Want to transform your iPad, iPhone or Android device into a second monitor for your PC or Mac? Here's how.
If you’re desperate for extra screen real estate on your PC or Mac, you can now extend your desktop onto a tablet or even mobile phone. This is made possible by the iDisplay app, from Shape Services. It was first introduced as an iOS app which turned an iPad or iPhone into a secondary monitor. But the app is now also available for Android-based devices (requiring Android 2.1 at least).
The app works with Intel-based Mac, Mac OS X 10.5 Leopard or later or Windows XP 32-bit, Windows Vista or Windows 7. Get started by installing the two required components. Download them from here
. At the time of writing the app was US$4.99.
Once activated on the Android device, the computer’s name will show up. Select it and allow the application to run on the PC. Through a Wi-Fi connection, the device will then display the PC’s desktop. It took three seconds for an Android device to turn into a second display. Basic settings can be accessed through the PC’s control panel. Dragging different windows to and from each display was easy, while right-clicking on a Windows title bar brought up "Move to iDisplay" – very handy. Tap and hold to simulate a right-click.
Theoretically you can duplicate the displays – that is, the same display on both monitor and mobile device - but we were unable to do this with our setup (MSI gaming notebook running Windows 7 with a modified ViewSonic G Tablet). You can also hook up the Android device as a third display if you already have a secondary monitor. We hooked up the G Tablet as a secondary device and then hooked up the monitor– this caused iDisplay to disconnect the tablet. This was tried again vice versa without success. An attempt with dual Android tablets, the Notion Adam Ink and gTablet, produced a "Connection was not allowed" error.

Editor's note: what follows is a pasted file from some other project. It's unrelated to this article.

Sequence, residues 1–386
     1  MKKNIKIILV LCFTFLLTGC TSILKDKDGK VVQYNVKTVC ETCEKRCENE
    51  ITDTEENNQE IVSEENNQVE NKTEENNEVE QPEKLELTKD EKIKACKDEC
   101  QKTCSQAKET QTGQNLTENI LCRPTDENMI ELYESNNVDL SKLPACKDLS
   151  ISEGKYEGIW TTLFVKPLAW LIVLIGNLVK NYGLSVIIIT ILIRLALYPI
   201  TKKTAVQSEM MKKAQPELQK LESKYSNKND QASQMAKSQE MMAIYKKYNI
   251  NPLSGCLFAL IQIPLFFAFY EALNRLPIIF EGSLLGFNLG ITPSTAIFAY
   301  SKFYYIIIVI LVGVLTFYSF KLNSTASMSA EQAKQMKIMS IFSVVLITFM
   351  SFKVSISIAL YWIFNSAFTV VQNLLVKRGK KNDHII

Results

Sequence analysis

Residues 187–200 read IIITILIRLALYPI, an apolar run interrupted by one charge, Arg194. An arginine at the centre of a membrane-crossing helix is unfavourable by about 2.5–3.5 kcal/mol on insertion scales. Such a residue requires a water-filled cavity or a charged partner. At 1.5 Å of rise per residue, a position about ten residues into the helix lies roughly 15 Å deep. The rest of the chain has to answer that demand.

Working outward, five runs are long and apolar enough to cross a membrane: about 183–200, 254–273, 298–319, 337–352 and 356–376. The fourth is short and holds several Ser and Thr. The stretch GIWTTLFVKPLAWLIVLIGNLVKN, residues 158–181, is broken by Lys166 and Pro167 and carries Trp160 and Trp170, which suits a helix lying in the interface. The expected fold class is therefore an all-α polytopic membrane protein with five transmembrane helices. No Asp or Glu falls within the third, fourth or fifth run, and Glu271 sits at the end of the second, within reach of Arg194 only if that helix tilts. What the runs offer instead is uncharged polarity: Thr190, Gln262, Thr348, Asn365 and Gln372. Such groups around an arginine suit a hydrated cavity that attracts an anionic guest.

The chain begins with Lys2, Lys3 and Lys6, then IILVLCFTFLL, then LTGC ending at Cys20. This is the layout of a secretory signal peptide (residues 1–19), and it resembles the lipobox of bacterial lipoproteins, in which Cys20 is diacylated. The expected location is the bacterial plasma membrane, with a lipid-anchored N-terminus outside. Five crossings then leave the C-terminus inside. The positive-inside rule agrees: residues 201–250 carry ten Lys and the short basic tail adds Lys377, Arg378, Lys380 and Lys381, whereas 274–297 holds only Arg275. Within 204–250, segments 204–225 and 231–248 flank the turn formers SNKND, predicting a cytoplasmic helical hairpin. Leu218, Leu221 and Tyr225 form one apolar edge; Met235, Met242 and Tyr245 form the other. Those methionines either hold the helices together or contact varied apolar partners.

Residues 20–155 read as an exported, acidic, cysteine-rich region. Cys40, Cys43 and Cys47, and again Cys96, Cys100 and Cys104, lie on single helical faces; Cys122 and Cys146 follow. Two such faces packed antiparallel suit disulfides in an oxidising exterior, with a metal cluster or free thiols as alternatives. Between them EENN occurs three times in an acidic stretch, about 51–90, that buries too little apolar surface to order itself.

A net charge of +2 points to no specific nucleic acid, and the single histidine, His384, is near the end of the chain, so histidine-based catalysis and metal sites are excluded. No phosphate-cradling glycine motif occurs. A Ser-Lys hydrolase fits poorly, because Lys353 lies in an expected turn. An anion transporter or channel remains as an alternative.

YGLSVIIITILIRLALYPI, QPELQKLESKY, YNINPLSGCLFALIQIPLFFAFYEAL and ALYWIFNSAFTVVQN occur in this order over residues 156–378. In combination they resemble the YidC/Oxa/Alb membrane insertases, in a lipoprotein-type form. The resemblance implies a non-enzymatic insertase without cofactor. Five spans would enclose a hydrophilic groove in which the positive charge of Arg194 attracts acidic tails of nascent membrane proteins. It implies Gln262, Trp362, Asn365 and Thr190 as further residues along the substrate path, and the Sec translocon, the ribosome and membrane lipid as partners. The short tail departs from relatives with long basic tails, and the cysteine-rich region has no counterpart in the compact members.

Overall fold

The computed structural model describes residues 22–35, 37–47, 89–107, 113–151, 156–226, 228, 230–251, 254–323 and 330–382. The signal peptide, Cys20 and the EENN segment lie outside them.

On the G Tablet the transition from landscape portrait took one second. Compared to the main monitor, the tablet display suffered from a slight latency issue of about a quarter of a second when I scrolled down a page and the frame rate was also a tad sluggish. It handled OpenOffice documents well, and navigation and editing was possible from the tablet. We found that it worked perfectly having the extra display for an RSS reader or other programs like IM and/or Gmail.
If you have tablet syndrome, where you intuitively touch a normal monitor before you realise it’s not a touchscreen, then this setup is great, and also ideal if you are on the road, or are used to a second monitor or a larger display in your usual work environment. For some, a limited display space can feel like working with half a brain.